Baku, Azerbaijan, Feb. 18
By Dalga Khatinoglu, Saeed Isayev - Trend:
A new round of talks between Iran and the Six world powers (P5+1) has started in Vienna, a senior State Department official told Trend on Feb. 18.
The U.S. State Department's Persian-speaking spokesman Alan Eyre is a member of the U.S. delegation, along with Director of the Office of Foreign Assets Control, Treasury Department Mr. Adam Szubin, Principal Deputy Coordinator for Sanctions Policy, Department of State Mr. Richard Nephew, Deputy Spokesperson, Department of State Ms. Marie Harf and Special Assistant to the Under Secretary of State Mr. Carlos DeJuana.
Harf said that as the comprehensive negotiations with this first round of talks in Vienna begin, the U.S. has added two new members to the US delegation.
Ambassador Brooke Anderson has joined as a Senior Advisor to the Secretary of State and the Under Secretary for Political Affairs on the Iran Nuclear Negotiations.
"Ambassador Anderson will be part of our delegation on a regular basis, bringing a wealth of experience to our effort," Marie Harf said.
"Paul Irwin, the National Security Council's Director for Nonproliferation, who is already engaged in our work through the experts group and has invaluable technical expertise, will be our NSC representative," she said.
Iran's negotiating team is led by the country's foreign minister Mohammad Javad Zarif. He's accompanied by Deputy Foreign Minister for Legal and International Affairs Seyyed Abbas Araqchi, Deputy Foreign Minister for European and American Affairs Majid Takht-e-Ravanchi, Director General for Political and International Affairs at Iran's Foreign Ministry Hamid Ba'eedinejad, Foreign Minister's Legal Adviser Davoud Mohammadnia and Director General for Safeguards at the Atomic Energy Organization of Iran (AEOI) Mohammad Amiri.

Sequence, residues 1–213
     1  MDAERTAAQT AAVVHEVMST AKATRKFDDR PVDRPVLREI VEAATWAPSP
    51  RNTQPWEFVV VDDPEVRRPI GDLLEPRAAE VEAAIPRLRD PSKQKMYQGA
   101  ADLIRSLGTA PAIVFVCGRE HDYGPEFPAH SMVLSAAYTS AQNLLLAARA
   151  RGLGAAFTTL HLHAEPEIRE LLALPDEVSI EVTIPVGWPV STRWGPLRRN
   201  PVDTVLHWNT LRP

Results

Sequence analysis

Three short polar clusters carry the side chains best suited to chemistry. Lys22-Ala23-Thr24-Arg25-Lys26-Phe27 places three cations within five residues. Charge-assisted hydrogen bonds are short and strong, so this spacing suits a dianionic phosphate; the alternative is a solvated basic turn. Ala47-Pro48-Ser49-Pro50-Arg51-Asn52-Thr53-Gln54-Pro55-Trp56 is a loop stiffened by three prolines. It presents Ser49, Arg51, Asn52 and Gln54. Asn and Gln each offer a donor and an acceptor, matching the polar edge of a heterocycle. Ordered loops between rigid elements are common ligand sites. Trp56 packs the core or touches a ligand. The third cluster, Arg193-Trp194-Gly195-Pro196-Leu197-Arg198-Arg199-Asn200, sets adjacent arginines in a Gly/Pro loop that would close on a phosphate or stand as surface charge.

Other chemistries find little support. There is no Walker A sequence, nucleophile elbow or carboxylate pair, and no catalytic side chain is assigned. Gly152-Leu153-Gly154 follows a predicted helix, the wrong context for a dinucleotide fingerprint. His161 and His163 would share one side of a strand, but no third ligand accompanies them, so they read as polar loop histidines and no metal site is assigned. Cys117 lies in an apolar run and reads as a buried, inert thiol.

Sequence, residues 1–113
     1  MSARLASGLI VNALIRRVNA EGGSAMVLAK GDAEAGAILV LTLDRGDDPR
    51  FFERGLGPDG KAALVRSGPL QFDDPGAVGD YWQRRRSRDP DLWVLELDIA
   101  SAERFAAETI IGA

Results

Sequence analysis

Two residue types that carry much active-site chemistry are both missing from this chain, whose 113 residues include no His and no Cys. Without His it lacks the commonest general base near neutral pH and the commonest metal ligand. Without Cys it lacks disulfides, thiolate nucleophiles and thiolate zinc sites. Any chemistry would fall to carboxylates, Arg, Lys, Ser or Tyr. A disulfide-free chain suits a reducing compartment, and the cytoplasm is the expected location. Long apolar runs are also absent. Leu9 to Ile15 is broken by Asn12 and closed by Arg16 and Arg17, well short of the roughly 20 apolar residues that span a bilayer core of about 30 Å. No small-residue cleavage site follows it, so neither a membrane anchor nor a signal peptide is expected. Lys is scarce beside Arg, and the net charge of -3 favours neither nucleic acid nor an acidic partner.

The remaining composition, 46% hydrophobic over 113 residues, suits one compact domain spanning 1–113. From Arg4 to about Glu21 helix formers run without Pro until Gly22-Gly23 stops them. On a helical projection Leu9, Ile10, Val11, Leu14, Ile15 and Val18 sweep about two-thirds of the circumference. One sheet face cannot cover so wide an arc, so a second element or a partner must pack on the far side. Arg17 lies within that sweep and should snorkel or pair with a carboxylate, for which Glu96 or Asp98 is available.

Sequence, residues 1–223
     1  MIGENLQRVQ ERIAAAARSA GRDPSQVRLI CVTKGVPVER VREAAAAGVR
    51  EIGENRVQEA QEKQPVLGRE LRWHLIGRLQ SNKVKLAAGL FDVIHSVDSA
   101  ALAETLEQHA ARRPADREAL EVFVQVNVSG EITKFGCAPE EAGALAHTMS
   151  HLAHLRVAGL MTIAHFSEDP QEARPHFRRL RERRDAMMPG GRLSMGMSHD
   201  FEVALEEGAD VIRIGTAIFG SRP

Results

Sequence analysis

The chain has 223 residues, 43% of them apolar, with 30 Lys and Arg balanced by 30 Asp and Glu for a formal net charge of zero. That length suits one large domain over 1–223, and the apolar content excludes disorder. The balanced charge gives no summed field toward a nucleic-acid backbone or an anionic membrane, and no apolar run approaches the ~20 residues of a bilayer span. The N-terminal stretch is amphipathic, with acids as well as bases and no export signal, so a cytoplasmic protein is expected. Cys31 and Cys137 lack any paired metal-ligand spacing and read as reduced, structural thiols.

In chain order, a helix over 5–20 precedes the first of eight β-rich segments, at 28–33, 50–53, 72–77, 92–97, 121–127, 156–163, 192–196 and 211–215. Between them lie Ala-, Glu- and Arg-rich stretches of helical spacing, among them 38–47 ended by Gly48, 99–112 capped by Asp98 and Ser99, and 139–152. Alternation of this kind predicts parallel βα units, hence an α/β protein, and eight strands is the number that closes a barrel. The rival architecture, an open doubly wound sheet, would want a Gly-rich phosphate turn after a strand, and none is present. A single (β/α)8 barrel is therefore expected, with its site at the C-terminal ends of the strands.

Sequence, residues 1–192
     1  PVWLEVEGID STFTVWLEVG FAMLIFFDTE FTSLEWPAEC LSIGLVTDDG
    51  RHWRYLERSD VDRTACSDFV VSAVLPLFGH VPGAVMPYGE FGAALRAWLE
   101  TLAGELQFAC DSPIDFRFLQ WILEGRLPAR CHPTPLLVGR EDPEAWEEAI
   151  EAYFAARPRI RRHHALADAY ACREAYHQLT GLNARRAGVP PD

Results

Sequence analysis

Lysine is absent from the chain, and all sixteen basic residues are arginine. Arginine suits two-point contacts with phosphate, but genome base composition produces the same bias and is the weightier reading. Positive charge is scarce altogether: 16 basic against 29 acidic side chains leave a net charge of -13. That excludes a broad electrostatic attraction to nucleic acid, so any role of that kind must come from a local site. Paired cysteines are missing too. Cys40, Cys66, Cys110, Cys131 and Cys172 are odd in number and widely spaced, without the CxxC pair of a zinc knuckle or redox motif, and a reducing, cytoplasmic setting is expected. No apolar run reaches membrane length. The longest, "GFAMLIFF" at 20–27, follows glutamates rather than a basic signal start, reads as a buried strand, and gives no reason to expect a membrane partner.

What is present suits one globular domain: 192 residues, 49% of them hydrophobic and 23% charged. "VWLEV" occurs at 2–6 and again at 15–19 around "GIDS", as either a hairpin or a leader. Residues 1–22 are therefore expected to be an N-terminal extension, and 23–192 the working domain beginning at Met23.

Iran and the P5+1 reached a nuclear agreement on Nov. 24. Iran has agreed to curb some of its nuclear activities for six months in return for sanctions relief. Both Iran and the P5+1 group have agreed to implement the agreement starting from Jan. 20.
Under the agreement, six major powers agreed to give Iran access to $4.2 billion in revenues blocked overseas if it carries out the deal, which offers sanctions relief in exchange for steps to curb the Iranian nuclear program.
The U.S. and its Western allies suspect Iran of developing a nuclear weapon - something that Iran denies. The Islamic Republic has on numerous occasions stated that it does not seek to develop nuclear weapons, using nuclear energy for medical researches instead.